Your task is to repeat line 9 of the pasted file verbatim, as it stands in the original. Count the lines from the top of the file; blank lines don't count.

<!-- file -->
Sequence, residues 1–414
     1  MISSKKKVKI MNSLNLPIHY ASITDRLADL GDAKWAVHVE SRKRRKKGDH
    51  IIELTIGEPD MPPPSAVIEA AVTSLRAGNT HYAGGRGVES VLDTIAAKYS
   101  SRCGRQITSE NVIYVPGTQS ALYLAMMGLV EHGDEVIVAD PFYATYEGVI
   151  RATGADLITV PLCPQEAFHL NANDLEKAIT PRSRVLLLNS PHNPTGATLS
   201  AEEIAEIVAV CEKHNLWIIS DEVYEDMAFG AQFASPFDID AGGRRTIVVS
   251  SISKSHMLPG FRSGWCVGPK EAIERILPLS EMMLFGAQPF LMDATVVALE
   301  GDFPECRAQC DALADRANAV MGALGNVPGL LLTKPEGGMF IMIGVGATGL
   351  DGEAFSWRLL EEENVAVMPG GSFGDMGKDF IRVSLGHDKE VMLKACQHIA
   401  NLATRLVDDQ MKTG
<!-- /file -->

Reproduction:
   351  DGEAFSWRLL EEENVAVMPG GSFGDMGKDF IRVSLGHDKE VMLKACQHIA